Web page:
Linda K When a Murmur Turns Serious

“The nurses and everyone at both RWJUH Rahway and NBI were fantastic."

As a commercial paralegal for a busy law firm, Linda Kurak is always in motion. “I assist attorneys in coordinating closings, reviewing title commitments and preparing documents to keep everything moving smoothly,” she says.

Early last year, however, the 73-year-old Iselin resident began to develop signs of fatigue. She wasn’t sleeping well and sometimes had trouble negotiating the front step to her house.

She figured the cause was related to her heart murmur, which she had lived with her whole life. “I was struggling to get through each day, and when I would go to bed, I could actually hear my murmur,” she says.

Howard L. Levitt, MD
Howard L. Levitt, MD

Still, Linda put off seeking treatment. Then on April 1, 2023, she felt pain in her chest that radiated down her left arm. She headed to an urgent care clinic near her home. “They did an EKG and told me I needed to go to an emergency room right away,” Linda says. She immediately headed to Robert Wood Johnson University Hospital Rahway (RWJUH).

Groundbreaking Treatment

Inside the RWJUH Rahway Emergency Department, doctors rushed to stabilize Linda and treat her symptoms. Cardiologist Howard Levitt, MD, worked to find the root cause of her problem. “Her murmur was consistent with a condition called aortic stenosis,” says Dr. Levitt, Division Director, Cardiology, at RWJUH Rahway.

Aortic stenosis occurs when the aortic valve—the largest of the heart’s four valves—begins to narrow, restricting blood flow to the rest of the body. “The degree of narrowing can be mild, moderate, severe or critical,” Dr. Levitt says. Linda’s stenosis had reached the critical level.

In the past, open heart surgery was the only treatment for severe aortic stenosis. Today, patients like Linda can benefit from a newer and less invasive approach called transcatheter aortic valve replacement (TAVR).

During a TAVR procedure—performed in a cardiac catheterization laboratory— an interventional cardiologist inserts a catheter into an artery, usually in the groin, then threads a replacement valve through the catheter up into the heart. Once the new valve is in position, the doctor opens it using the catheter, restoring proper blood flow.

“TAVR was initially just used in patients who were too high-risk for open heart surgery, but over time, it’s proven to be effective for people at moderate and low risk, too,” Dr. Levitt says. “In Linda’s case, I knew TAVR would allow her to get back on her feet and recover quickly.”

Sergio Waxman, MD, MBA
Sergio Waxman, MD, MBA

Coordinated Care

As a patient at RWJUH Rahway, Linda had seamless and convenient access to the highly specialized TAVR procedure at Newark Beth Israel Medical Center (NBI). Both hospitals are part of the RWJBarnabas Health system, which also meant that Linda could return to RWJUH Rahway and receive coordinated follow-up care locally.

“We operate as one Division of Cardiology that works across two locations,” Dr. Levitt says.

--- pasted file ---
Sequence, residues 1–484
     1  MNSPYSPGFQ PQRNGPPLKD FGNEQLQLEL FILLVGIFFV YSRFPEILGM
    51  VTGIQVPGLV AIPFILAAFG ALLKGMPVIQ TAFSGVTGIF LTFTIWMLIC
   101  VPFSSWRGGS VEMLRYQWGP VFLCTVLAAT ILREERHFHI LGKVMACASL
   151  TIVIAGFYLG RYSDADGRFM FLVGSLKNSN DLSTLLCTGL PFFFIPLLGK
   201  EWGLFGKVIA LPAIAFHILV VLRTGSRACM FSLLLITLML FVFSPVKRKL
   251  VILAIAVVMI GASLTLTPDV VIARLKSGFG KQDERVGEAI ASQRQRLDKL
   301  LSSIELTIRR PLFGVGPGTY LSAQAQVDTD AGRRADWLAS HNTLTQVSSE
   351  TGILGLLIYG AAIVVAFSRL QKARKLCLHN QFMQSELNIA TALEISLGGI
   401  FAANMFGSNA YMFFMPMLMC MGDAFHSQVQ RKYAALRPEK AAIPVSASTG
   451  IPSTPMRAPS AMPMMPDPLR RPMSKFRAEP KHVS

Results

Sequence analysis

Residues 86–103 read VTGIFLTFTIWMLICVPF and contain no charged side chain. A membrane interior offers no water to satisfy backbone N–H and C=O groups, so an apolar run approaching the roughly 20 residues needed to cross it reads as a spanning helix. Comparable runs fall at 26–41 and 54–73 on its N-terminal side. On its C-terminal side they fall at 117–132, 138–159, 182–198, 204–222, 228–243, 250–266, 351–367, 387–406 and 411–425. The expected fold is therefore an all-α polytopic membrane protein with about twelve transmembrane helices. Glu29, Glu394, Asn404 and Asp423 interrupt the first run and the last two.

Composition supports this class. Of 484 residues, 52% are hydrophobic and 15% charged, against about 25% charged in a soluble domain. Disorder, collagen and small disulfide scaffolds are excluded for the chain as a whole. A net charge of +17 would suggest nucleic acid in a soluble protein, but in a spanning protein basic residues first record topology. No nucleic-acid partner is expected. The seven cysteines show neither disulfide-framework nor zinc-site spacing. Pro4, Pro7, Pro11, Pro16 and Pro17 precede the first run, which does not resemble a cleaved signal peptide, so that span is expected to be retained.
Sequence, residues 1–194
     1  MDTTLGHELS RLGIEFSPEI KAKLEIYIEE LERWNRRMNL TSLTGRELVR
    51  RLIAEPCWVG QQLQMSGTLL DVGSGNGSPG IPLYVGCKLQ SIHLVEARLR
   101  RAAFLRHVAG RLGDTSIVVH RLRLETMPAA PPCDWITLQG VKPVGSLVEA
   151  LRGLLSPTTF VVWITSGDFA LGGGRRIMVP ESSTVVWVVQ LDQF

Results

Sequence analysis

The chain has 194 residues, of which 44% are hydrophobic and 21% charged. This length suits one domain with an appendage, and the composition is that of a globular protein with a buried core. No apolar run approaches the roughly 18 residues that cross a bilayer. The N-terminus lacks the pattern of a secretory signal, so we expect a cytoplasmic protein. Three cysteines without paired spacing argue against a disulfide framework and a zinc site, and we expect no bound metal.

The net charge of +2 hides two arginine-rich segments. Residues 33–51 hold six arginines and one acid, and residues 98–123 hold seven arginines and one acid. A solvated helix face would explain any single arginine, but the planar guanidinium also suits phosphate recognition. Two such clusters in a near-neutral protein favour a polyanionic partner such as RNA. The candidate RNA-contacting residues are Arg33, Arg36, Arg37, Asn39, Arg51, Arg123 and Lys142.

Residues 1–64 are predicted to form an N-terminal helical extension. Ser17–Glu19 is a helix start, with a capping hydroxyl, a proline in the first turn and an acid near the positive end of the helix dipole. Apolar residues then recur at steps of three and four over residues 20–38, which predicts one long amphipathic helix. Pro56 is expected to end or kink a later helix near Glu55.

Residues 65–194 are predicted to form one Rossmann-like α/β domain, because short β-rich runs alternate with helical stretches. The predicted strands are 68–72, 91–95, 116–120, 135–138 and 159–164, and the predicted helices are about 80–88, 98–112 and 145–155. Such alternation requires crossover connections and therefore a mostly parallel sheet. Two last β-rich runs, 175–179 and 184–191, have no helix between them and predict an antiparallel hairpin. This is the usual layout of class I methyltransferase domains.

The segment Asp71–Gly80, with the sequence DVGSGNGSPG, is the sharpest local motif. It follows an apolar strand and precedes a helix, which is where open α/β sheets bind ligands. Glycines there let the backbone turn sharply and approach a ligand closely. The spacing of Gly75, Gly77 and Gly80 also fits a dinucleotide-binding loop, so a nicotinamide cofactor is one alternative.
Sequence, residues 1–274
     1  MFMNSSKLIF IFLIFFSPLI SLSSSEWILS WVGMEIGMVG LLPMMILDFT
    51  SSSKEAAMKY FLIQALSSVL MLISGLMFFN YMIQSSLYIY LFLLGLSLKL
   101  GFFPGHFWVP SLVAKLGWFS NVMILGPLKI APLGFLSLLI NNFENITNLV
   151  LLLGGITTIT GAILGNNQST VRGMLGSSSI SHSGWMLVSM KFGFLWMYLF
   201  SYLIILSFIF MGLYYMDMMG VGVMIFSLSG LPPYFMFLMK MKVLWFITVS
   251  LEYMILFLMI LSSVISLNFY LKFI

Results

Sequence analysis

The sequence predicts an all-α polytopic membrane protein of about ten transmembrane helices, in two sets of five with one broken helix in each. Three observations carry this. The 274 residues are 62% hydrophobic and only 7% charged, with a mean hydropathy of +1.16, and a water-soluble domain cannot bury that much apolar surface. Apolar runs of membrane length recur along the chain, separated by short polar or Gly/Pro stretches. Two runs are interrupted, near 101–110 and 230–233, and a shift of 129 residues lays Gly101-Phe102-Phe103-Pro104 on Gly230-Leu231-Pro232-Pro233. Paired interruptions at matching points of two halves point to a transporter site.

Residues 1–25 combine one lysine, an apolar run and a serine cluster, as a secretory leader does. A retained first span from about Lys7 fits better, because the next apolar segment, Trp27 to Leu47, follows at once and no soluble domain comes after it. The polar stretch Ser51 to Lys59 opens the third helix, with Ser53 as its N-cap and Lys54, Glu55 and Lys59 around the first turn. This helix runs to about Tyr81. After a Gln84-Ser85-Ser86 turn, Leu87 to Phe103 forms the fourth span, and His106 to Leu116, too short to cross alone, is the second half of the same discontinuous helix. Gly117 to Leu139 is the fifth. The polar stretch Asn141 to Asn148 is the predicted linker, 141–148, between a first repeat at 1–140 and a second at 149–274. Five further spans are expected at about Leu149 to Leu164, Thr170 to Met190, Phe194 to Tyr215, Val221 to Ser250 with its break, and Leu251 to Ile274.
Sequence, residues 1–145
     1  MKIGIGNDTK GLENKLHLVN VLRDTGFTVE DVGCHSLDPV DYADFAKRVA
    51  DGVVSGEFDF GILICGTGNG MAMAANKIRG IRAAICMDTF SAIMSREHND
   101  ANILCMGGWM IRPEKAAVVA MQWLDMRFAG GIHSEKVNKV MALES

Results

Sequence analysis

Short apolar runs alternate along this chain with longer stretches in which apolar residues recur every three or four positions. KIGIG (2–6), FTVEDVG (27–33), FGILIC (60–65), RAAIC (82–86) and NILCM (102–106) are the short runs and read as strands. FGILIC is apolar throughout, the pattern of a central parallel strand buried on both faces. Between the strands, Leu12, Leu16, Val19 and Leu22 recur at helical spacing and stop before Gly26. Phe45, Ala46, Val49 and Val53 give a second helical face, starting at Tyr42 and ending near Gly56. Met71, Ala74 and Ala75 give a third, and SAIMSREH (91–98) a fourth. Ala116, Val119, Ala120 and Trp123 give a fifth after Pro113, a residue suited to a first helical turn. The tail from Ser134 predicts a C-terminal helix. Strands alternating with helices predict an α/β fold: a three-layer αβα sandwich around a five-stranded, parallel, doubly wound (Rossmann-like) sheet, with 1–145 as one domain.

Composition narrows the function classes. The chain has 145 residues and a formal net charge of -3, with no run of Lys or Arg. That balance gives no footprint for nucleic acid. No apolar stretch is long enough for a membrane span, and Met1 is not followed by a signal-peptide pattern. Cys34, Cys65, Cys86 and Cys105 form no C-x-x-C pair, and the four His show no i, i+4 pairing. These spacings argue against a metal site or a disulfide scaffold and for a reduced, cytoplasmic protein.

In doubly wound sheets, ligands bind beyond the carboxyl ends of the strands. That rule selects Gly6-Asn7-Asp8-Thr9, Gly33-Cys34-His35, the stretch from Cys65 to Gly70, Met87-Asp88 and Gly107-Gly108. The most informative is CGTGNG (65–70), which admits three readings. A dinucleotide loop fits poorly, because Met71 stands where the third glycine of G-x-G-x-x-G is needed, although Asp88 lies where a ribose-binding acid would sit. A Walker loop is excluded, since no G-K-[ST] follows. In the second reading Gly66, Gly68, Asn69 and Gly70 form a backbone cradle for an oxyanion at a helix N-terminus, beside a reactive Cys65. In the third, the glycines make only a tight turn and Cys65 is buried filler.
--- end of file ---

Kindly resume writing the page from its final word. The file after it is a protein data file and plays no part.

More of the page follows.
As soon as Linda received the go-ahead for TAVR, Dr. Levitt and his team arranged for transportation by ambulance to NBI. “We made it there in just 12 minutes,” Linda says. Interventional cardiologist Sergio Waxman, MD, MBA, Chief of the Division of Cardiology at NBI, performed Linda’s TAVR procedure. She returned home the next day.

“The nurses and everyone at both RWJUH Rahway and NBI were fantastic,” Linda says. “Everybody was so nice. And Dr. Levitt took really good care of me. He’s very easygoing and personable. He addressed all of my concerns and made me feel comfortable.” Just two weeks after undergoing the TAVR procedure, Linda was back to work. In the months since, she has faithfully attended follow-up visits at RWJUH Rahway’s outpatient heart clinic, which offers both scheduled and walk-in appointments.

She also has made a few lifestyle changes to keep her heart healthier in the long term. “I don’t eat any more fried foods or fat, and I follow a low-sodium diet,” she says. “I cut down on the sweets, too.”

Linda’s experience taught her a valuable lesson that she now shares with others. “When your body tells you something, listen,” she says. “I should have sought care for my heart murmur sooner. I’m fortunate everything worked out the way it did.”

Aortic Stenosis: A Subtle Disease

While aortic stenosis is the most common form of heart valve disease, it often shows only mild or moderate symptoms and can be hard to diagnose. “It tends to come on gradually as people age,” says Howard Levitt, MD, Division Director, Cardiology, at Robert Wood Johnson University Hospital Rahway.

Common symptoms in addition to having a heart murmur include shortness of breath, fatigue and dizziness. “The problem is that most people who experience these symptoms chalk them up to aging or being out of shape, so they don’t seek help,” says Dr. Levitt. “That means they may not get care until it’s an emergency.”

If you experience any of the symptoms of aortic stenosis—or live with a murmur—seek care from a cardiologist.

Learn more about transcatheter aortic valve replacement (TAVR) at RWJBarnabas Health.